Brisbane counsellor and life coach - family, child, youth, relationships or just for you

 
Eileen Clark - Change Counsellor & Consultant

 

 

Adult, Pets and Grief

 

As children, more often than not, the pet we initially experience in life is chosen for us by our parents or carers, and, consequently, our connection with them may or may not be overly strong, although this may change over time.  “I wanted a horse, not a guinea pig, and now you expect me to clean his poop out every day and feed him!?”   Suddenly pet ownership is more about a lesson in responsibility than fun!

 

Zoom forward a few years and - deciding on a pet is a very different animal so to say.

 

For parents it can indeed be, in part, about presenting your children with an opportunity to develop empathy, learn responsibility and experience the love,   fun and sheer joy of animal companionship.  This doesn’t discount however your connection and emotional investment in whatever pets you choose.

 

For others, pet ownership comes about for very different and unique reasons.  Many adults seek and find great comfort in animal companionship.  There is an abundance of research on this topic and the health benefits that come from sharing our homes and hearts with animals, from lowered blood pressure, improved social contact, less stress, improved cardiovascular health and a general increase in overall happiness.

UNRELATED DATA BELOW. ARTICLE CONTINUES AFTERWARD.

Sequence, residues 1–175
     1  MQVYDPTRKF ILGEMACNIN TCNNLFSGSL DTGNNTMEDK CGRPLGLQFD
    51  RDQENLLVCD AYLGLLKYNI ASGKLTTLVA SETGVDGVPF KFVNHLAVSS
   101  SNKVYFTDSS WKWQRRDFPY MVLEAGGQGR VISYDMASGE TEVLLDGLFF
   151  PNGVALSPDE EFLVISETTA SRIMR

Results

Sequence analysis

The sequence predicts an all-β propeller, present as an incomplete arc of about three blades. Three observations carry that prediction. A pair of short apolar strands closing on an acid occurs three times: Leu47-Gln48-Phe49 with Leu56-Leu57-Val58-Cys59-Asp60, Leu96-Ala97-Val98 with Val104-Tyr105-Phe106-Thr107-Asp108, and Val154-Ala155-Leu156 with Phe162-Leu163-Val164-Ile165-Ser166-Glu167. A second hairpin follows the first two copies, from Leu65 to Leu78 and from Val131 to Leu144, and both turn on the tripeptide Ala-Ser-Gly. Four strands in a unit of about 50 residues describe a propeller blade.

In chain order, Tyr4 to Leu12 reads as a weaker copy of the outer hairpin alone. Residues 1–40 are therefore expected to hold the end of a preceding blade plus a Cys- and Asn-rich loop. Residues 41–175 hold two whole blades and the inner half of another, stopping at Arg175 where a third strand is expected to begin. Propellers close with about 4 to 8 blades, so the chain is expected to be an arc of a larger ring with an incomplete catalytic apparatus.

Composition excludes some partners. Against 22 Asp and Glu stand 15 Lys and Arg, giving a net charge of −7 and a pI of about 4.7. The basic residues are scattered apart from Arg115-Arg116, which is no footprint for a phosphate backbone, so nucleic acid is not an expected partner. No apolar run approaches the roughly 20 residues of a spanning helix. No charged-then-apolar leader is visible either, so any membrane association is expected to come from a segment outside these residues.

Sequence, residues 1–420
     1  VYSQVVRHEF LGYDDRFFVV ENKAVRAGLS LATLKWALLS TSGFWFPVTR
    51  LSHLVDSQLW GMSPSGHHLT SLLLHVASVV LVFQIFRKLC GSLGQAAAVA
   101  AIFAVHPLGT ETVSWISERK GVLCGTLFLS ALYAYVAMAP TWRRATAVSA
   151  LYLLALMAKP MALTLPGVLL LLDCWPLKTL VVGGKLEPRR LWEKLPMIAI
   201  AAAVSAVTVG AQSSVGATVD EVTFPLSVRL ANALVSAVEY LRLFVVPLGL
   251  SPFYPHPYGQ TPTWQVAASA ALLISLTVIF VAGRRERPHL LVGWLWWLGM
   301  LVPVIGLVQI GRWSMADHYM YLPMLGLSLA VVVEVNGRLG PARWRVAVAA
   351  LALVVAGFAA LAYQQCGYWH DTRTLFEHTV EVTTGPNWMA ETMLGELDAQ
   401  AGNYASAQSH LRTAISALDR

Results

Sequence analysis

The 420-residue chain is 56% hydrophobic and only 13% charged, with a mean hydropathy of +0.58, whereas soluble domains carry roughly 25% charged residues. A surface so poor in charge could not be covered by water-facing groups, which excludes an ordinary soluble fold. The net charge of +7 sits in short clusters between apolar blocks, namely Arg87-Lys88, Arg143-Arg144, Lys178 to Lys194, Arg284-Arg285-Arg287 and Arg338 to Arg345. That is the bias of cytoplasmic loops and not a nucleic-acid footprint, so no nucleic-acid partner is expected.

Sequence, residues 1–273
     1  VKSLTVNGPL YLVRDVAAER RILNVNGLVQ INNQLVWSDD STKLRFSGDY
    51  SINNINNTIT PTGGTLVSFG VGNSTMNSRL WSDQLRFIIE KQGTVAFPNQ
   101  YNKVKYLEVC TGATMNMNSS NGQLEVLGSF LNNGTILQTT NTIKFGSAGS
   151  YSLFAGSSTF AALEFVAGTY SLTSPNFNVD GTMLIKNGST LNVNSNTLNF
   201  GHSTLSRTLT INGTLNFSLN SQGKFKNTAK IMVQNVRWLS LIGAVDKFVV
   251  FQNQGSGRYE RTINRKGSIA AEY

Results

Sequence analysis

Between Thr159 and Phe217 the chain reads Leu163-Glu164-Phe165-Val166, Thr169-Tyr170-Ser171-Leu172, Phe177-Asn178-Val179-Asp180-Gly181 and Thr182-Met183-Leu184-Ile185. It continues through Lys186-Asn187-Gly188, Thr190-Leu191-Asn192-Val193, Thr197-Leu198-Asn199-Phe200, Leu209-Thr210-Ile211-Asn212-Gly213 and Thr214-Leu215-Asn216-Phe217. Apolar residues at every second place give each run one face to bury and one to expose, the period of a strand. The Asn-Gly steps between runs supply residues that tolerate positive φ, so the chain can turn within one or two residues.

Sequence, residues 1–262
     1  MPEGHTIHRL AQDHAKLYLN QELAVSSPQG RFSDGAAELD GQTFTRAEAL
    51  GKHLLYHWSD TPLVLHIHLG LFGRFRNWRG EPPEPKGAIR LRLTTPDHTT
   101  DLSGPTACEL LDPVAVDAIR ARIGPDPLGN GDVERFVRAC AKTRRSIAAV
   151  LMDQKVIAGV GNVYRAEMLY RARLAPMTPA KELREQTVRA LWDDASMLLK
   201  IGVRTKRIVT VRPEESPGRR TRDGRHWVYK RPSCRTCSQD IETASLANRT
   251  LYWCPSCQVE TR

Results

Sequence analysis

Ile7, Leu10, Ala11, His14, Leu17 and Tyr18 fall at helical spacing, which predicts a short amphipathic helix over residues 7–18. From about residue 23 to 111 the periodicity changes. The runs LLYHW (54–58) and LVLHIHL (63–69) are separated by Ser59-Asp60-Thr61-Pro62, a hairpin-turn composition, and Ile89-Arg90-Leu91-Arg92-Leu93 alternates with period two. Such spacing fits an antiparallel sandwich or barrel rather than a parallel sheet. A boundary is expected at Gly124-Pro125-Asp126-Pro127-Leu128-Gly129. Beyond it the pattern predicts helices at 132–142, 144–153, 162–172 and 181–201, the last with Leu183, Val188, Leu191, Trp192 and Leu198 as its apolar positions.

Depending on your life experience in the realm of human relationships and the sometimes complicated ways we humans have of expressing love and affection, often with strings firmly attached, deciding on a pet can feel blissfully uncomplicated and straightforward.  Who else greets you every day as if they thought they were never going to see you again? And lets you know how much they enjoy your company without holding back one little scrap? Anyone with a dog will know what this is like.  Cats, horses, birds and, yes, even fish, have their own unique ways of letting you know, just ask anyone who has had the pleasure of having them around!

 

Some couples may have chosen an animal companion together and have many shared experiences with their beloved pet intricately woven into their family stories.  If they experience the death of their partner their pet may become a poignant reminder of their time together and play an even more significant role in their life.   Pets may also need support at such a time.

 

Whatever your motivation for pet ownership, one thing is for sure, the death of a much loved pet can bring us undone in ways we never would have imagined.  Whether we struggle with the death of a pet will depend on many things, including our capacity to acknowledge that we are hurting and to give ourselves permission to feel the loss and sadness.  The death of a loved pet can also trigger other death or loss experiences in life that may be tucked away and unacknowledged.

 

If you have experienced the death of a much loved pet, or your pet has been diagnosed with a terminal illness, don’t be afraid or embarrassed to ask for help.      If you would like to talk more about this or would like support for yourself or a child or young person who may be struggling with the loss of a pet please contact Eileen on:M: 0468 590 678 or email

... artilce by Eileen Clark ©


 

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